You’ll have to download and install a wallet with Ethereum capabilities in order to store your purchased ether and create an account for this as well.

Once that’s done, you’ll be able to put your wallet account address into the exchange so that you can transfer your ether securely into your wallet.

Generally speaking, if you’ve only purchased a small amount of Ethereum, it’s probably better to just keep it in the exchange, so you don’t have to pay a transaction fee to transfer it out (which may end up being more than the small amount of ether is worth). However, for larger purchases, you’d be better off securing it in your wallet.

To sell your Ether, you will have to transfer it back to the exchange from your wallet.

>>Ethereum Smart Contracts: What Are They & How Do They Work?

What should I be aware of when buying Ethereum?

Buying Ethereum is simple once you’ve followed the steps listed above. However, there are a few important things to note when considering purchasing it.

All Ethereum transactions are final and non-exchangeable. That means, once you buy it, you can only get rid of it again by selling it in a second, separate transaction.

Sometimes, Ethereum transactions will be invalid, such as when a user doesn’t have enough funds to complete the transaction. In these cases, the transaction will not be completed and will therefore not be included in the Ethereum blockchain.

On the reverse side of this, all completed (valid) transactions will be stored on the Ethereum blockchain, and they will live there permanently.

Where can I buy Ethereum?

As mentioned above, there are several exchanges where Ethereum can be bought (and sold). Although most exchanges work approximately the same as far as the steps go, not all exchanges do the same thing, and not all exchanges work at full capability in all countries.

First and foremost, you want to ensure that you are signing up for an exchange that accepts Ethereum transactions. There are exchanges that allow you to sell Ether, which is what you want to use, but there are also platforms that only allow you to speculate on the price of Ethereum. These you’ll want to avoid, assuming you actually want to buy Ether. An example of one of these is eToro. You won’t have access to your coins on eToro, nor will you be able to send any coins to anybody else.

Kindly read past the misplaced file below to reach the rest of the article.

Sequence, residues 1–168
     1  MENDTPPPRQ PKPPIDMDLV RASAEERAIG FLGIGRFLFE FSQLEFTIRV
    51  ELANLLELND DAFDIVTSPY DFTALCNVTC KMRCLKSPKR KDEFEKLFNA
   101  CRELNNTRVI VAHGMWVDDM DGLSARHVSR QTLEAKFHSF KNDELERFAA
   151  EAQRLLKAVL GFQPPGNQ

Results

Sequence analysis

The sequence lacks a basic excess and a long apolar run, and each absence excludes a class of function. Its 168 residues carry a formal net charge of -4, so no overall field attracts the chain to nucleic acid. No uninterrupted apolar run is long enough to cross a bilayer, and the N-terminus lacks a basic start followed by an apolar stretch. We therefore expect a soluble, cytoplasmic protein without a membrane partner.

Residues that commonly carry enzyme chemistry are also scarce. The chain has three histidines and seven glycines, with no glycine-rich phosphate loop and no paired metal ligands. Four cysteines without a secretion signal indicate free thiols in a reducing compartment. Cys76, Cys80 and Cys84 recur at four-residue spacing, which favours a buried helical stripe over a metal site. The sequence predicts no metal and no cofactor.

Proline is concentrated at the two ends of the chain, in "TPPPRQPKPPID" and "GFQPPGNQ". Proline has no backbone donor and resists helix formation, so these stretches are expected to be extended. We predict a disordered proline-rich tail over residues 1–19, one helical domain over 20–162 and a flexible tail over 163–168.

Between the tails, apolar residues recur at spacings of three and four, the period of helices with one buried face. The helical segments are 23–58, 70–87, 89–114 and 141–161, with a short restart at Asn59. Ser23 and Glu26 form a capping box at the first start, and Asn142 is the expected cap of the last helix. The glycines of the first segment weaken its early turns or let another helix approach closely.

Next, you’ll want to make sure the exchange will work properly in your country.

Below is a list of some of the most popular Ethereum-equipped exchanges.

Coinbase

Coinbase is one of the simplest exchanges to use, however it is not available in all countries, and in some countries, Coinbase doesn’t allow you to trade Ethereum. Check what you can do on Coinbase first before getting an account.

Coinbase allows you do use either a credit card or pay directly from your bank account. Once you’ve set up your payment method, you can click “Buy/Sell”, select the amount you want, then click “Buy Ethereum” (or “Sell Ethereum”).

Coinbase charges a 1.49-3.99% fee per transaction, with credit cards at a higher fee than wire transfers.

Coinmama

Coinmama sells Ethereum worldwide. You can buy Ethereum with your credit card, and the exchange rates aren’t too bad.

CEX.io

CEX.io is another exchange that allows you to buy Ethereum with your credit card. Fees are included in the exchange rate, which is why they are higher than most other exchanges. CEX.io also works around the world.

The steps for buying Ethereum from CEX.io are similar to those from Coinbase.

Coinhouse

Coinhouse only works for countries listed with the EU. You can buy Ethereum with your credit card, debit card, or with Neosurf.

 

So there you have it!; the basics to start you on your Ethereum journey. Happy Buying!

Featured Image: twitter